This project provides examples of how to use the Ziti GoLang SDK to both host and consume HTTP services over an OpenZiti overlay network using a variety of libraries. The Ziti SDK provides ZitiTransport which implements http.Transport and edge.Conn instances which can be used as net.Listener instances. Hosting and consuming HTTP APIs over a private overlay network with no open ports adds a layer of defense against most OWASP API attack vectors.

Links to the different projects and their example OpenZiti integrations can be found below.



The Main Magic

GoLang’s built in HTTP facilitates provide excellent methods for hooking into them. With the use of the OpenZiti SDK it essentially boils down to the following patterns that work for the standard GoLang HTTP client and server. These can then be adjusted to fit into any framework/library that uses the GoLang HTTP packages.

The OpenZiti GoLang SDK provides ZitiTransport, which can be used as an http.Transport, and edge.Listener, that can be used as a net.Listener. ZitiTransport can be used to create http.Client instances and edge.Listener can be used to with http.Serve(listener,...) calls. The rest of the GoLang HTTP machinery handles all the HTTP interactions unknowingly over an OpenZiti network.

This same pattern can be used to inject any kind of custom networking you wish!

If you want to deep dive, the ZitiTransport definition can be found here and edge.Listen() can be found here.



    client := http.DefaultClient
    resp, err := client.Get("http://" + args.ServiceName)


	client := sdk_golang.NewHttpClient(ctx, nil)
	resp, err := client.Get("http://" + args.ServiceName)



	if err := http.Serve(listener, http.HandlerFunc(handler)); err != nil {
		log.Fatalf("serving failed: %v", err)


	listener, err = ctx.Listen(args.ServiceName)

	if err := http.Serve(listener, http.HandlerFunc(handler)); err != nil {
		log.Fatalf("https serving failed: %v", err)

Example CLI Arguments

Each example uses the same command line argument processing. This processing takes in two or four arguments that specify the Ziti Identity configuration file and OpenZiti service name. The two additional arguments are paths to a x509 certificate and key in PEM format. If specified for a server, the server will be hosted as an HTTPS service using the provided certificate and key files for the server’s identity. For a client, the x509 certificate and key will be used as the client certificate and key used to initiate the TLS connection over the OpenZiti network.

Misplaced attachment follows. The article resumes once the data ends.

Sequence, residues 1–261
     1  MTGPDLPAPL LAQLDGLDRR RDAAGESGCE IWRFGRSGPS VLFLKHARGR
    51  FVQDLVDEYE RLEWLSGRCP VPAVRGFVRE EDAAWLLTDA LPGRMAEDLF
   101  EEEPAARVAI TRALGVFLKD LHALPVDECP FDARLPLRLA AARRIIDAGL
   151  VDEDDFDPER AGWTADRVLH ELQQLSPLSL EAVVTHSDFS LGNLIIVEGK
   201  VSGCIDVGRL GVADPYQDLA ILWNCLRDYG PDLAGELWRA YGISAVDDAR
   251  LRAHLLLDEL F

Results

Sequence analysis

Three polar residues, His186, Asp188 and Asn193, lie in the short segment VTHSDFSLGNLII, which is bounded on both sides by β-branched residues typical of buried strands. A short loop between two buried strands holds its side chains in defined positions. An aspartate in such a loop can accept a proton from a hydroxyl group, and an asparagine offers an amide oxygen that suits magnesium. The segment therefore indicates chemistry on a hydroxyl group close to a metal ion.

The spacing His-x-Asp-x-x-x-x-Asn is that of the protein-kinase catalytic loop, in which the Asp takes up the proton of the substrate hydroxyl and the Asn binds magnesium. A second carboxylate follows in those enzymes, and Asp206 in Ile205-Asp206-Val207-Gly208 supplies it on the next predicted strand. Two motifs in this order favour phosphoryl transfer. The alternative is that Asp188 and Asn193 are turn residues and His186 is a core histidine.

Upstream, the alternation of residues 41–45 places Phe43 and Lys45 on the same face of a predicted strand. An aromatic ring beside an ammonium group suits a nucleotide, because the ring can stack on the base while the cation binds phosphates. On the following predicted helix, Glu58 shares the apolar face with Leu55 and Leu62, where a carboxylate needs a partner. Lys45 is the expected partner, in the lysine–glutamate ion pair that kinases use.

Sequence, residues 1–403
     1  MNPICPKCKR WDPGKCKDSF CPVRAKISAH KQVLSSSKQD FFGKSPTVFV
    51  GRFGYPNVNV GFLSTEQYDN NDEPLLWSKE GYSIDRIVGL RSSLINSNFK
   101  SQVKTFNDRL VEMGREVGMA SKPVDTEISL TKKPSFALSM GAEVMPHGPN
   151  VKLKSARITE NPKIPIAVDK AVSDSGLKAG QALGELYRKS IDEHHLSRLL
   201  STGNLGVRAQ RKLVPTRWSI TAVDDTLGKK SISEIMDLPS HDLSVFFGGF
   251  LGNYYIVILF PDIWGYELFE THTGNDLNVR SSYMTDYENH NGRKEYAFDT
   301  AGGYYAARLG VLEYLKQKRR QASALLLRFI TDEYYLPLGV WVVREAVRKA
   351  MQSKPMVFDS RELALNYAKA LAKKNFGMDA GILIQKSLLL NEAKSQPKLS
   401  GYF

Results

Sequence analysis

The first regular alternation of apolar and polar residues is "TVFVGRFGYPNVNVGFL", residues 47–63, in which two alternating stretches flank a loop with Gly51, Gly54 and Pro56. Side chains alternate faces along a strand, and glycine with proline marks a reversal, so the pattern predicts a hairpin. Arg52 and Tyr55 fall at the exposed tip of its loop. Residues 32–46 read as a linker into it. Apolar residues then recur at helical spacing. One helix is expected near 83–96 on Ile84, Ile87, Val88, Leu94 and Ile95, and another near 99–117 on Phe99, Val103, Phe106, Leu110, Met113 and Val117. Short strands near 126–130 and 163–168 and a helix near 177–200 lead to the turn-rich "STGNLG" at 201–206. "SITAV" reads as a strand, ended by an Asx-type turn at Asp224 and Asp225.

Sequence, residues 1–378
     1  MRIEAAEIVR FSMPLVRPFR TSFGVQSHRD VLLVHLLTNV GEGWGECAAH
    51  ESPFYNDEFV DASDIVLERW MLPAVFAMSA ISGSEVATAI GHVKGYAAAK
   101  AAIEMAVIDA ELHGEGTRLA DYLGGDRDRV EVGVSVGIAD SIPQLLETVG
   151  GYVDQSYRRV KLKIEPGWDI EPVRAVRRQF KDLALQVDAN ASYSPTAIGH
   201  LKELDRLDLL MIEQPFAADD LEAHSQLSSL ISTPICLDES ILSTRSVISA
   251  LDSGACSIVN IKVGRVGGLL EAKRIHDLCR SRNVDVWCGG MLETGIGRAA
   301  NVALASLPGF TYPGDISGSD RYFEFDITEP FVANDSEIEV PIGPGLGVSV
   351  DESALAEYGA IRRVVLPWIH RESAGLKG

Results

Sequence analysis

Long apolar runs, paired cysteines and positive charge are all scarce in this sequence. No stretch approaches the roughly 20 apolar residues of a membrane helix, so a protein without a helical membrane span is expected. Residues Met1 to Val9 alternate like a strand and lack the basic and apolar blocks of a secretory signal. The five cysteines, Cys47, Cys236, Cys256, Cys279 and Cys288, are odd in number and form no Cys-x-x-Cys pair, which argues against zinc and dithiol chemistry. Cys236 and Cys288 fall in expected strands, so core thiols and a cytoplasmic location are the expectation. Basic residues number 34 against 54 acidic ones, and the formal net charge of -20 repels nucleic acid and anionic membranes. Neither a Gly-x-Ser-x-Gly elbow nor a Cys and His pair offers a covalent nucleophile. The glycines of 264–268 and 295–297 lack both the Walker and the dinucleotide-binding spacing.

ziti-server-gin <serviceName> <identityConfig> [<certificate> <key>]

However, HTTPS when working with OpenZiti is not necessary. See the next section!

A Note on HTTPS

Hosting an HTTPS server over OpenZiti means that a TLS handshake will occur. A TLS handshake requires that the server presents a certificate with a SAN IP or a SAN DNS entry that matches the address the client used to access the service. For OpenZiti this means that a SAN DNS that matches the OpenZiti service name must be present.

If the service will only be hosted over OpenZiti, HTTPS is an extra layer of security that can safely be omitted. OpenZiti connections are inherently end-to-end encrypted and the data plane across an OpenZiti network is additionally encrypted on each leg of transit. Additionally, the controller has already verified all clients and hosts before they “dial” (connect) or “bind” (host).

Setting Up The Examples

In order to run these examples, an OpenZiti network must be up and running. This includes a controller and router. Additionally, a service, service host and client will need to be created. The host and client identities will need policies to access and host the service. To set up an OpenZiti network, please see the quickstart guides.

You will need the Ziti CLI from the main Ziti repository installed and on your path.

  1. Login
    • ziti edge login "https://localhost:1280/edge/management/v1" -c $controllerCa -u $user -p $password
  2. Create the Service
    • ziti create service myHttpService -a httpService
  3. Create the identities
    • ziti create identity service httpServer -a httpServer -o server.jwt > creates server.jwt
    • ziti create identity user httpClient -a httpClient -o client.jwt > creates client.jwt
  4. Create policies
    • ziti create service-policy httpServers Bind --identity-roles #httpServer --service-roles #httpService
    • ziti create service-policy httpClients Dial --identity-roles #httpClient --service-roles #httpService
  5. Enroll your identities
    • ziti edge enroll server.jwt > creates server.json
    • ziti edge enroll client.jwt > creates client.json
  6. Start an example
    • ziti-server-gin myHttpService server.json


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